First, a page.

Our directory and history of lifestyle retail centers, is available at the link provided below.

 

 

Lifestyle retail centers the new mall evergreen?

Lifestyle retail centers may be the new mall evergreen, in terms of mall configuration and customer appeal.

Arc’teryx's store has four "experiential huts"

Arc’teryx’s Store has four “Experiential Huts”

AEC’s Consumer Products Monitor

 

Arc’teryx’s store has four “experiential huts” throughout its two-level, 8,000 SF store space in Shanghai; the retailer’s 30th store in China.   The outdoor apparel and gear store is among more than 3,000 locations globally for the retailer.  Arc’teryx Equipment specializes in technical high-performance apparel, outerwear and equipment, based in North Vancouver, British Columbia.  Arc’teryx Equipment is in turn owned by Amer Sports Oyj, a PRC-owned Finnish sporting goods company.

 

The immersive approach to the store’s design is an example of the kind of experiential retail necessary to make the -in-store visit compelling.  The four different experiential huts include: the “Hardshell Hut” featuring LED screen views and sounds of the Canadian mountains; the “Gore-Tex Hut” rain room; the “Hardgoods Hut” with the brand’s hard goods and a climbing wall; and the “Brand Hut” featuring a seasonally-changing virtual reality module.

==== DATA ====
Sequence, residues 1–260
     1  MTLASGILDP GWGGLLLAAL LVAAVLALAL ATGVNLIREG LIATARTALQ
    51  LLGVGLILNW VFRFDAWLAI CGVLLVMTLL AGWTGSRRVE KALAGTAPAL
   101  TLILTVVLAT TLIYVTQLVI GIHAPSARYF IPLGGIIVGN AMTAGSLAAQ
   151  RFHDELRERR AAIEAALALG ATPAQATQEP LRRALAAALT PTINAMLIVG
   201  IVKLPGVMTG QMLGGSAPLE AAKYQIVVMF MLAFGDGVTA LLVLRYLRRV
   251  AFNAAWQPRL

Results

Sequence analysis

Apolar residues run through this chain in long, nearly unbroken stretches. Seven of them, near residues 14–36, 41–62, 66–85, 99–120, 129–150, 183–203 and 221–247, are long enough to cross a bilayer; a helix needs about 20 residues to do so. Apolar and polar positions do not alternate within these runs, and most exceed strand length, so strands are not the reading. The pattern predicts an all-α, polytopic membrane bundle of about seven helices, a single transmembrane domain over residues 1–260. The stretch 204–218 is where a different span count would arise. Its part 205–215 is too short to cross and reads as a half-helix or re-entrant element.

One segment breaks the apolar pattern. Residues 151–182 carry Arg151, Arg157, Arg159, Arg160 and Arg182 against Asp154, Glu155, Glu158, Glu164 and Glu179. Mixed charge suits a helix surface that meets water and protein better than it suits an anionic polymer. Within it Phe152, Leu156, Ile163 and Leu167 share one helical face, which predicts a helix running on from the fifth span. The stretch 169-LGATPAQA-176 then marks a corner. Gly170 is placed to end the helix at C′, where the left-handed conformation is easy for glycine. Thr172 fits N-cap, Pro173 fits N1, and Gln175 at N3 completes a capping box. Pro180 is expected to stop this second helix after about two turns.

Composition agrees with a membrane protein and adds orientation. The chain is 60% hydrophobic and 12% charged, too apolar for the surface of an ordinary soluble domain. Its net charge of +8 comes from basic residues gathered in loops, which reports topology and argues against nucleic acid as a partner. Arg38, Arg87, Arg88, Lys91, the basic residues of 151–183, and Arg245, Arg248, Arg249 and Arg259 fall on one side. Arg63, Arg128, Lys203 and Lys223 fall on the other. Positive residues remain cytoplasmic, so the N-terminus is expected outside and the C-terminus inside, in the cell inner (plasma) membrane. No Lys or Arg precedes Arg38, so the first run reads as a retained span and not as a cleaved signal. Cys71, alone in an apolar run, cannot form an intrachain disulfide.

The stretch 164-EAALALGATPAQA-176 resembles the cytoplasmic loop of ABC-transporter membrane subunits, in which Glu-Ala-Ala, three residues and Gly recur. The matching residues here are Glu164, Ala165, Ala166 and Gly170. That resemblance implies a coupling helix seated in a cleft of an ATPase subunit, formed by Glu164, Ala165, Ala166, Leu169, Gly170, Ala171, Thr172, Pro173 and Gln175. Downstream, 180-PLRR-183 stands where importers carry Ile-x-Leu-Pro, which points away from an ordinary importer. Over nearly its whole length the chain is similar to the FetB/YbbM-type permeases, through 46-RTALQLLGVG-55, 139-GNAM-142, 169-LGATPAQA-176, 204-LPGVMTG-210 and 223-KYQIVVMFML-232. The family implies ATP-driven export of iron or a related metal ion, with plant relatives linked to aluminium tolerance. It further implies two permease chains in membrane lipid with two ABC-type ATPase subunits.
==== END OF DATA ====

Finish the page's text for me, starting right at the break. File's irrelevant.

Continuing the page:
Retailers that deliver in-store experiences are also what’s needed for shopping centers and retail districts.   As online retail purchases continue to rise, the relevancy of mall retail is more akin to the enduring interest of consumers for location-based entertainmentArc’teryx’s store with four “experiential huts” is the kind of hybrid retail/LBE that will allow physical mall destinations to make sense.

 

An interesting description of the store is available on the SGB Media website, at: Arc’teryx Opens Global Flagship Store In Shanghai

Water City Niagara Falls, a Cocov Destinations Niagara property

The Artificial Ski and Snow Era Begins, as New Venues Open in the U.S.